The major issues to be addressed to advance NI are a need for (1) collaboration to build stronger infrastructure to guide NI education, research and practice; (2) improved visibility and appreciation of NI; and (3) greater dissemination of scientific evidence of NI in various health settings. It seems that these challenges have remained unsolved for several decades, as these are in line with previously reported challenges (Ozbolt and Saba 2008).

Our findings regarding the idea that NI education should be implemented from undergraduate to postgraduate levels, as well as in professional development for practicing nurses, are supported by others (Darvish et al. 2014). Masters-level education in NI is still not available in many countries, although it has existed for three decades in the United States (Cummins et al. 2016). Our findings support previous literature showing that NI education, certification and informatics nurse specialist roles are also not well adopted globally (Cummings et al. 2016; Egbert et al. 2018; Peltonen et al. 2019).

The panel highlighted the point that graduate students wishing to pursue a career in NI are still facing many of the challenges expressed over the field's decades of development (Bakken 2001; Chang 1985). Enhanced infrastructure with clearly defined roles and NI positions at different levels in health organizations (strategic, tactical and operational) is warranted to improve the situation. To get to a point of national and international standardized NI education, integrated channels of research and defined NI professional roles, supportive infrastructure is necessary. Without infrastructure, such as networks, policy and funding, issues raised will continue to persist and hamper the advancement of NI.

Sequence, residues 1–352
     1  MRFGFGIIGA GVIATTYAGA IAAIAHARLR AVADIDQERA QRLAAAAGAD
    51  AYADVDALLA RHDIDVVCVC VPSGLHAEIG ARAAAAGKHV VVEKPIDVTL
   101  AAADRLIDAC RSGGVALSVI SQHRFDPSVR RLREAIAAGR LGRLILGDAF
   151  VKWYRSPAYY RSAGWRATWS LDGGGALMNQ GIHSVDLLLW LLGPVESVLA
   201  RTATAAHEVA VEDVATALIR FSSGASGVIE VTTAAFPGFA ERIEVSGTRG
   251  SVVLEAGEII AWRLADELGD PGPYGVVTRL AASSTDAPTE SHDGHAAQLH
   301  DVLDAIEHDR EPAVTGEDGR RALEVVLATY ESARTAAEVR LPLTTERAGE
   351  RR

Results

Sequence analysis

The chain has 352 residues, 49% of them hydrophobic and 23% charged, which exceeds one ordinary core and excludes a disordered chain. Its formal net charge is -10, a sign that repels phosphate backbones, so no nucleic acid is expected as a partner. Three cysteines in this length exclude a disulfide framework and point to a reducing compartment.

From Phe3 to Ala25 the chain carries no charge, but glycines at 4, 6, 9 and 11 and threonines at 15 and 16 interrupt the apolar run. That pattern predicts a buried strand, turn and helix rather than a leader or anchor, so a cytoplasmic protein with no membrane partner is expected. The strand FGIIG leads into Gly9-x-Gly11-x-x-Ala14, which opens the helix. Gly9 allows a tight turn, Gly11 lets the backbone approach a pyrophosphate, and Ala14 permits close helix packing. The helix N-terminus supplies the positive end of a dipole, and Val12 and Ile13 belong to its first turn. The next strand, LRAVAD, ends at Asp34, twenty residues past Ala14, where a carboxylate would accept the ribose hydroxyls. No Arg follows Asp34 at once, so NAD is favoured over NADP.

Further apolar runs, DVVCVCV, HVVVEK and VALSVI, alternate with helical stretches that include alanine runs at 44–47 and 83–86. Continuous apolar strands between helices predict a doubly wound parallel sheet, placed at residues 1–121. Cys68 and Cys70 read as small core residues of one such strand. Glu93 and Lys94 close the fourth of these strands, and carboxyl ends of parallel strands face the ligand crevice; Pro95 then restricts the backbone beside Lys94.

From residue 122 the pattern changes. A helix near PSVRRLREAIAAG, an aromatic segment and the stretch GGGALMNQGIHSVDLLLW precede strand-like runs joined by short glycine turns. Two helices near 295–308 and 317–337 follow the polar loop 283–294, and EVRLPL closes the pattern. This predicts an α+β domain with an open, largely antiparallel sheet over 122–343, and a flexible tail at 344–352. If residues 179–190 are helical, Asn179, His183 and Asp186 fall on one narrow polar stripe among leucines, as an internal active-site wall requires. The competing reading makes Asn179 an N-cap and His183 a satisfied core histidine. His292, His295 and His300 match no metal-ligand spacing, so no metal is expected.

Translating NI competency statements into action items at policy and education levels is key to ensuring that nurses are competent users and informed consumers of health information technology. International guidelines on NI roles, education and certification would standardize competencies and assist in ensuring the position of NI in environments where the discipline is only now emerging. Developing such international guidelines is difficult, as these will need to apply to different countries and educational systems. Even when developed, such standardized competencies will require dissemination and implementation, which are challenging.

Based on the results, there seems to be a lack of recognition of the importance of NI, and NI expertise is not utilized to its full potential from an international perspective. NI expertise is needed to steer adoption of information technology in healthcare (Greenwood 2010), but the informatics nurse specialist role and the importance of NI are not yet well recognized in all countries. This is in line with mediocre expressed support toward NI (Peltonen et al. 2019). A lack of recognition and role development possibilities has similarly characterized advanced nursing roles in the past (Kilpatrick et al. 2013). As such, it may be beneficial to turn to and learn from efforts and resources that moved advanced nursing roles and expertise forward.